SAN FRANCISCO – Two preseason games, two victories. That might look good on paper, but Mike Singletary – a hard man to please even when things are going well – found enough evidence to offer a lukewarm assessment of his San Francisco 49ers team Sunday night.
The running game was dreadful. The fourth quarter was a disappointment. Third-team quarterback Nate Davis was up and down, mostly down. And running back Anthony Dixon danced a little too much against one of the NFL best run defenses.
"They've been the No. 1 team against the run for the past four or five years," the 49ers coach said after his team had beaten the Minnesota Vikings 15-10 in the first game back for Vikings quarterback Brett Favre. "I'm sure they'll take my word for it after playing this game."
But a win is a win. Here are some points worth noting:
1. Linebacker Patrick Willis isn't someone the 49ers will ever have to worry about. If he's healthy, he's dynamic. He leveled Favre for a 10-yard sack on the Vikings' third offensive play, brushing aside a block from Adrian Peterson and wrapping up the 40-year-old quarterback. Willis was done by the end of the first quarter, and Favre played just one series before yielding to Tarvaris Jackson.
2. The Niners ran for just 80 yards in 31 carries against the Minnesota, with Dixon, the rookie who totaled 100 yards rushing in his first game, netting just 51 yards on 20 attempts, a 2.6 average. "I think there's a reason for his happy feet," Singletary said. "If there's a hole, you have to hit it. And even if there isn't a hole, you have to hit it." The Vikings don't offer too many running lanes, and Dixon often tried to dance his way through the line rather than run straight ahead, which is what the 49ers want to see.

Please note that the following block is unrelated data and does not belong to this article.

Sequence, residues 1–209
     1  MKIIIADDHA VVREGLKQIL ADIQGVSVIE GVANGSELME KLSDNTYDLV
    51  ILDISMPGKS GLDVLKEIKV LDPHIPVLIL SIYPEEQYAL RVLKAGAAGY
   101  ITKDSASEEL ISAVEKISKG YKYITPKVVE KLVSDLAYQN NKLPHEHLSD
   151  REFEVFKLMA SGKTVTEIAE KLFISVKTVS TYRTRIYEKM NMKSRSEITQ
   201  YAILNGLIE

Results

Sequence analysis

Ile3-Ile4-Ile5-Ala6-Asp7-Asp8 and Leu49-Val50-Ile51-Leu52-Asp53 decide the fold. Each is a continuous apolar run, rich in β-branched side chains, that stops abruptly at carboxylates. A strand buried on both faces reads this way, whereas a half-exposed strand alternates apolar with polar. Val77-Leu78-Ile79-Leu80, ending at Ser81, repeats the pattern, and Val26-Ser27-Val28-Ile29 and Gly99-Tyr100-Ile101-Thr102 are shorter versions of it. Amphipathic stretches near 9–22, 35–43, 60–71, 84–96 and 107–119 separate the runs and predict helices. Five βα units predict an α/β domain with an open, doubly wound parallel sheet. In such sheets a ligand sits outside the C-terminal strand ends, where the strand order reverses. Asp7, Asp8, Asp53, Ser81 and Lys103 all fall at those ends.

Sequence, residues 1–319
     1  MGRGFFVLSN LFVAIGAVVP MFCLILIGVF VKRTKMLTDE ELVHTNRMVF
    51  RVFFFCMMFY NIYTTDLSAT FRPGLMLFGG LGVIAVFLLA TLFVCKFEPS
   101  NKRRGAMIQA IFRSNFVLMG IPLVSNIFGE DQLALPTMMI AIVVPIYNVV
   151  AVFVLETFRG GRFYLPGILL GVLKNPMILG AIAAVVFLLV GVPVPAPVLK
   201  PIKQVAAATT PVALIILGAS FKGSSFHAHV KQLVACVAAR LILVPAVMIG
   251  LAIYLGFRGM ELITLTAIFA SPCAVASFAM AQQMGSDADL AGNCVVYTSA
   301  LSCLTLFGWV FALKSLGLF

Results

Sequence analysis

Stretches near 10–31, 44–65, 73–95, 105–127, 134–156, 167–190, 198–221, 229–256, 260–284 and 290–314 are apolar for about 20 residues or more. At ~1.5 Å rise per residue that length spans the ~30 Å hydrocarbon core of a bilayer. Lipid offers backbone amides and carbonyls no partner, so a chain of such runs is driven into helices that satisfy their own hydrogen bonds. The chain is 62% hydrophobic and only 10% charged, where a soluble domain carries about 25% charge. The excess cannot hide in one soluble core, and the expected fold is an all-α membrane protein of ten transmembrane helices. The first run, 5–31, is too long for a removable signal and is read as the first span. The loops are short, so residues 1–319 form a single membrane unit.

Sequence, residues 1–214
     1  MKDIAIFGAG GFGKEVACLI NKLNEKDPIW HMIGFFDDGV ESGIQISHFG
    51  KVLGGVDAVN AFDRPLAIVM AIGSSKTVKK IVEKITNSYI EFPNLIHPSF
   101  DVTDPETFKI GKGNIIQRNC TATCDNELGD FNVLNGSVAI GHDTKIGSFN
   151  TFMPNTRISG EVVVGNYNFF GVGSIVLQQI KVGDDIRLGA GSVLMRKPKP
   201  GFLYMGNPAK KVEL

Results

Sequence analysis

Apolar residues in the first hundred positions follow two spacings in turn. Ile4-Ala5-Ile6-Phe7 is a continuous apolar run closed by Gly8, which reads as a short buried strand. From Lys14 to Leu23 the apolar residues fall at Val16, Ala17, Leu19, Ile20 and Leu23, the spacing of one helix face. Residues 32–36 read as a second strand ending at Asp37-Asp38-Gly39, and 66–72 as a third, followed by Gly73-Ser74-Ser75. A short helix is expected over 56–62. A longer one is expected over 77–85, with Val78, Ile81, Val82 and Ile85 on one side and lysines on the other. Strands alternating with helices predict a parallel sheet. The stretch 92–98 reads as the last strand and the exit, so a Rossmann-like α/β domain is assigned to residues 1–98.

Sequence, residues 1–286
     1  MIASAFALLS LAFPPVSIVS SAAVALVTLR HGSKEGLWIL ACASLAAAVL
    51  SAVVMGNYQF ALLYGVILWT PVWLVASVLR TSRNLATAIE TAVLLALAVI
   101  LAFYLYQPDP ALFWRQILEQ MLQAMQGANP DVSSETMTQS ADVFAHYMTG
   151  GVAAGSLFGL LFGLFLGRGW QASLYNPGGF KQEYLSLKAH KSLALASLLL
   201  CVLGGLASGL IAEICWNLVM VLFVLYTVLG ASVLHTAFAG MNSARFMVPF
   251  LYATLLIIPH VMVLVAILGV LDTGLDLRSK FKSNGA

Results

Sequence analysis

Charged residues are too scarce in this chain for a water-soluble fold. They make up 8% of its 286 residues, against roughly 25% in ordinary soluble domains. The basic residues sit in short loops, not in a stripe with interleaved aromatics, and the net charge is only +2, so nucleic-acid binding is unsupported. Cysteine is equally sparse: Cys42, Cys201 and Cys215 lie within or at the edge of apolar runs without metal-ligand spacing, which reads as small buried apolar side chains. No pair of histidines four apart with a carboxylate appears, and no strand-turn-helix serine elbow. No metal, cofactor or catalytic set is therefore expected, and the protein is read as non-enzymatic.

3. As expected, the 49ers' big guns stayed on the sidelines. Running backs Frank Gore and Brian Westbrook took part in pregame warm-ups but didn't play, nor did wide receiver Michael Crabtree (neck strain) or tight end Vernon Davis (knee strain). Crabtree and Davis will have to play some series in the final two preseason games to work on their timing with quarterback Alex Smith.
4. Smith looked better in his second start, going 5 for 6 passing on the 49ers' opening drive for a touchdown. He was 9 of 13 for the game for 88 yards and played the entire first half. Singletary: "I think he did a good job overall, so I was happy to see him take the next step."
5. Nate Davis was given an opportunity to stake a claim to the No. 2 job behind Smith but clearly did little to please Singletary. He played the entire second half (backup David Carr did not play) and failed to find a consistency. Singletary said he questions if Davis put in the offseason work he should have. "I think he has to get on the same page to put himself in position to compete," the coach said. "Right now, he's competing against himself. I'm pulling for him. I'm hoping. But right now he's inconsistent." Even Davis conceded he missed some protection calls. His best play: a 60-yard heave to Ted Ginn Jr. that set up a field goal.